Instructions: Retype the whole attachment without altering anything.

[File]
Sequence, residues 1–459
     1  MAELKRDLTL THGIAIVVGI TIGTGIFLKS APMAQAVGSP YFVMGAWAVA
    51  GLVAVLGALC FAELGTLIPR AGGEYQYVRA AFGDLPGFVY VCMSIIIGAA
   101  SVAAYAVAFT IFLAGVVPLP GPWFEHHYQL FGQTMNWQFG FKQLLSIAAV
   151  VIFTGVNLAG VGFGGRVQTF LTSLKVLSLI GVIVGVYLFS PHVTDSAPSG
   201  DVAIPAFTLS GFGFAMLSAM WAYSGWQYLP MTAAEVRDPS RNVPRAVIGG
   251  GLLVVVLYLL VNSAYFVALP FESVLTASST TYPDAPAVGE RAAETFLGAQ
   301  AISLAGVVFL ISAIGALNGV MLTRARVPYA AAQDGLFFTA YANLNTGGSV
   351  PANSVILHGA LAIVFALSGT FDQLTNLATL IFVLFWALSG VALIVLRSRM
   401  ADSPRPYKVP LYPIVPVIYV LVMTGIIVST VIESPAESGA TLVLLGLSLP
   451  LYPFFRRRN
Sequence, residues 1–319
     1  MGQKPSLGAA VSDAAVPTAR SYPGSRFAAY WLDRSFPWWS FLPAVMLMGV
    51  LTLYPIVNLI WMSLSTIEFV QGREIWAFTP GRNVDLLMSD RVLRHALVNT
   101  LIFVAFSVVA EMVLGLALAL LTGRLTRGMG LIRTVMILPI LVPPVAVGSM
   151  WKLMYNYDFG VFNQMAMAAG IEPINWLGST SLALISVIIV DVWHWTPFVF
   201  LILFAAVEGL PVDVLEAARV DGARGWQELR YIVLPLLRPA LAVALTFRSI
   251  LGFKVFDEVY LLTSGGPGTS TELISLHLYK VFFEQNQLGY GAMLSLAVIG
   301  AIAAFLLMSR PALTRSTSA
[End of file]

Sequence, residues 1–459
     1  MAELKRDLTL THGIAIVVGI TIGTGIFLKS APMAQAVGSP YFVMGAWAVA
    51  GLVAVLGALC FAELGTLIPR AGGEYQYVRA AFGDLPGFVY VCMSIIIGAA
   101  SVAAYAVAFT IFLAGVVPLP GPWFEHHYQL FGQTMNWQFG FKQLLSIAAV
   151  VIFTGVNLAG VGFGGRVQTF LTSLKVLSLI GVIVGVYLFS PHVTDSAPSG
   201  DVAIPAFTLS GFGFAMLSAM WAYSGWQYLP MTAAEVRDPS RNVPRAVIGG
   251  GLLVVVLYLL VNSAYFVALP FESVLTASST TYPDAPAVGE RAAETFLGAQ
   301  AISLAGVVFL ISAIGALNGV MLTRARVPYA AAQDGLFFTA YANLNTGGSV
   351  PANSVILHGA LAIVFALSGT FDQLTNLATL IFVLFWALSG VALIVLRSRM
   401  ADSPRPYKVP LYPIVPVIYV LVMTGIIVST VIESPAESGA TLVLLGLSLP
   451  LYPFFRRRN
Sequence, residues 1–319
     1  MGQKPSLGAA VSDAAVPTAR SYPGSRFAAY WLDRSFPWWS FLPAVMLMGV
    51  LTLYPIVNLI WMSLSTIEFV QGREIWAFTP GRNVDLLMSD RVLRHALVNT
   101  LIFVAFSVVA EMVLGLALAL LTGRLTRGMG LIRTVMILPI LVPPVAVGSM
   151  WKLMYNYDFG VFNQMAMAAG IEPINWLGST SLALISVIIV DVWHWTPFVF
   201  LILFAAVEGL PVDVLEAARV DGARGWQELR YIVLPLLRPA LAVALTFRSI
   251  LGFKVFDEVY LLTSGGPGTS TELISLHLYK VFFEQNQLGY GAMLSLAVIG
   301  AIAAFLLMSR PALTRSTSA